Will this current round, over set top box license fees, be a re-play of what MPEG LA went through several years ago, with DVD movie players, which arguably culminated in China's creation of its own, homegrown DVD format?
"LA" stands for licensing authority, but each time I see MPEG LA and China in the news headlines I think of the other L.A. -- Hollywood -- and the ultimate intellectual property -- the movies and TV shows -- that all this other technological intellectual property is intended to distribute and protect. (See Chinese set-top box makers, MPEG LA face off over patent fees.) Will this current round, over set top boxes, be a re-play of what MPEG LA went through several years ago, with DVD movie players, which arguably culminated in China's creation of its own, homegrown DVD format? Meanwhile, one still wonders how it's legally possible to create a DVD player that sells at retail for $30 (see MPEG licensing basics.)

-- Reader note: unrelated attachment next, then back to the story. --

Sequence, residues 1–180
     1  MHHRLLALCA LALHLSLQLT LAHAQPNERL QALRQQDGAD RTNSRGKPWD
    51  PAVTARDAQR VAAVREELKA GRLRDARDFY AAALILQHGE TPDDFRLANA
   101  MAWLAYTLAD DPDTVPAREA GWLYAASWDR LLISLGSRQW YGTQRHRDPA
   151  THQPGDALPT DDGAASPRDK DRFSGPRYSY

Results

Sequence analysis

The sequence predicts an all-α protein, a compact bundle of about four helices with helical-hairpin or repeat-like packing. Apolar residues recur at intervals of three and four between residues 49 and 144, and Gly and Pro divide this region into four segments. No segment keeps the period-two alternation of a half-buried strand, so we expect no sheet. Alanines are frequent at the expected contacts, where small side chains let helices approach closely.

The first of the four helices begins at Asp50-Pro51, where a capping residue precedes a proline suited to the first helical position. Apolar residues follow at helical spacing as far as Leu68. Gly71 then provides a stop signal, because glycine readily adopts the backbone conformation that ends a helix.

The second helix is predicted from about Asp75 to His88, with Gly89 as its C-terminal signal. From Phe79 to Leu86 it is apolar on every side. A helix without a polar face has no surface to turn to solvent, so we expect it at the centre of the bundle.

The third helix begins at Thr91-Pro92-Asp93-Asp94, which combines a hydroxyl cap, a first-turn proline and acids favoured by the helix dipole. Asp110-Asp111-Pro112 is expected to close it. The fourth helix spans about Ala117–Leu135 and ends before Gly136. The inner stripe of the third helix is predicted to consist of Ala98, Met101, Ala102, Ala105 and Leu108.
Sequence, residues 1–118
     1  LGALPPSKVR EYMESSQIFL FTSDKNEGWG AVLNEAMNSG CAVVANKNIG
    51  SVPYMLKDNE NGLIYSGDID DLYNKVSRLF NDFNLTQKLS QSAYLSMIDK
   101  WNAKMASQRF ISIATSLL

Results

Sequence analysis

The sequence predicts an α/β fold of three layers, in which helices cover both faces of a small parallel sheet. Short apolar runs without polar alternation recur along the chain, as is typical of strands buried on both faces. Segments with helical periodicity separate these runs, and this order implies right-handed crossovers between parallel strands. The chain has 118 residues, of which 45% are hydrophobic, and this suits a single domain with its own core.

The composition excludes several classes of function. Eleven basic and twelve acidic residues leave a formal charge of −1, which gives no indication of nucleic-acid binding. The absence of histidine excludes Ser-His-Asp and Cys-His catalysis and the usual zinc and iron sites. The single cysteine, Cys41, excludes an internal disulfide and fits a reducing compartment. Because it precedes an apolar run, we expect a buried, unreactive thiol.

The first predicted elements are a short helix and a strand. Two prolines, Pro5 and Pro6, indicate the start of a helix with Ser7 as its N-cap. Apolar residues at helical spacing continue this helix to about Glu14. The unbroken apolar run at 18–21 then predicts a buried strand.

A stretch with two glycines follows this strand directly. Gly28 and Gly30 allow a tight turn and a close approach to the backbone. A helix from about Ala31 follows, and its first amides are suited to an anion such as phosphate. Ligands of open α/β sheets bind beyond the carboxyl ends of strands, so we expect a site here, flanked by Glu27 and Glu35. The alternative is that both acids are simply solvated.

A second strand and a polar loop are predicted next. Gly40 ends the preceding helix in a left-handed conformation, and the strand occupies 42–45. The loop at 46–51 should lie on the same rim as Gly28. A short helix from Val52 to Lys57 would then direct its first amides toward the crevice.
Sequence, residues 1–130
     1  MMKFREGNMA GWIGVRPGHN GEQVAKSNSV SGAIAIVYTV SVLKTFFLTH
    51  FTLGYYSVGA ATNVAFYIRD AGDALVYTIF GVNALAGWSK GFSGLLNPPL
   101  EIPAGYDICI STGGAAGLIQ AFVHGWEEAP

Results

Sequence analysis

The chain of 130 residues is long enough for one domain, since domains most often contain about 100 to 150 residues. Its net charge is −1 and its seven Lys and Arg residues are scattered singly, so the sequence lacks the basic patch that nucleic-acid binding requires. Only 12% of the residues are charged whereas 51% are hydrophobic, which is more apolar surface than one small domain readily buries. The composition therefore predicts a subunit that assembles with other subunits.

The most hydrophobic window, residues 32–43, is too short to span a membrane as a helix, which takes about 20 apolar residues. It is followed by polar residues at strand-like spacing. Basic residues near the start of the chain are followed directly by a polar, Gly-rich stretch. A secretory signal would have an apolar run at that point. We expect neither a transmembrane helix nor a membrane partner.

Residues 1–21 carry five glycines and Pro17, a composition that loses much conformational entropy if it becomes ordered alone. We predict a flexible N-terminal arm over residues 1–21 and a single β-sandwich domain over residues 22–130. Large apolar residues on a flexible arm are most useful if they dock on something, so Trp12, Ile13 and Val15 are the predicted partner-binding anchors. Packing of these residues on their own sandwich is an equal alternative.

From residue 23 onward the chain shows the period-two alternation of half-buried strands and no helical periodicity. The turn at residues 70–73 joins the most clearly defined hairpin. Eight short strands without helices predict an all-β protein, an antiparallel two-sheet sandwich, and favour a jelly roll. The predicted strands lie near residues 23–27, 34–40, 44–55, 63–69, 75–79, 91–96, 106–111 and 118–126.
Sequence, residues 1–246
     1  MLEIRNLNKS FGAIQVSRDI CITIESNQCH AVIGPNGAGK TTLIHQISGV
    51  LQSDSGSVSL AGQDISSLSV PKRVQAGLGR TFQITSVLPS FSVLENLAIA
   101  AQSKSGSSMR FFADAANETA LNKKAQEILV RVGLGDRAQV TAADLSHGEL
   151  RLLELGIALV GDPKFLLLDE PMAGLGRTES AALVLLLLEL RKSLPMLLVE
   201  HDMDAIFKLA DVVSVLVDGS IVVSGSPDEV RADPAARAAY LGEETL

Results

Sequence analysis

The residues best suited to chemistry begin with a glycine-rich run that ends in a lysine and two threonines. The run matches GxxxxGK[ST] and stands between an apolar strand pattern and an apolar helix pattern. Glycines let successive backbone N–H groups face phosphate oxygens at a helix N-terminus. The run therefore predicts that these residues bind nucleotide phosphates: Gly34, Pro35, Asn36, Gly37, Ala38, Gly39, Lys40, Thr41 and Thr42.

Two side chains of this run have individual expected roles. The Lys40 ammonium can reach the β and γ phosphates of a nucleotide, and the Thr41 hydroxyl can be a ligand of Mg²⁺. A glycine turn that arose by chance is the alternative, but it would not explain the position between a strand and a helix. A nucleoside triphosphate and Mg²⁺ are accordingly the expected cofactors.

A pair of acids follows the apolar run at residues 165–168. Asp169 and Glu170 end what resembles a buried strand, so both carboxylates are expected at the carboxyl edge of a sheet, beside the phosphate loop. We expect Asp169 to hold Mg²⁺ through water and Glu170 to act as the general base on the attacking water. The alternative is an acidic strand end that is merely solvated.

Two things are different this time around, however. This time, it appears that MPEG LA is offering much more reasonable terms than the roughly $15 required for a DVD player.
And with set top boxes, the customer is different. Unlike DVD units, which are ultimately sold to individual consumers, set top boxes are often sold to service producers, who include the box on a leased basis as part of the service. That's the model in the U.S. (which the consumer electronics industry has been fighting for years, incidentally.)
MPEG LA is hardly going to go after individual purchasers of cheap DVD players in an attempt to collect royalties, but they might very well go after the likes of Time-Warner, Cox Cable, or Verizon, for example. Of course, outside the U.S., enforcement -- even using the leverage of service providers -- will inevitably be more challenging. But for the sake of inventors everywhere and the integrity of the patent system, I wish 'em luck!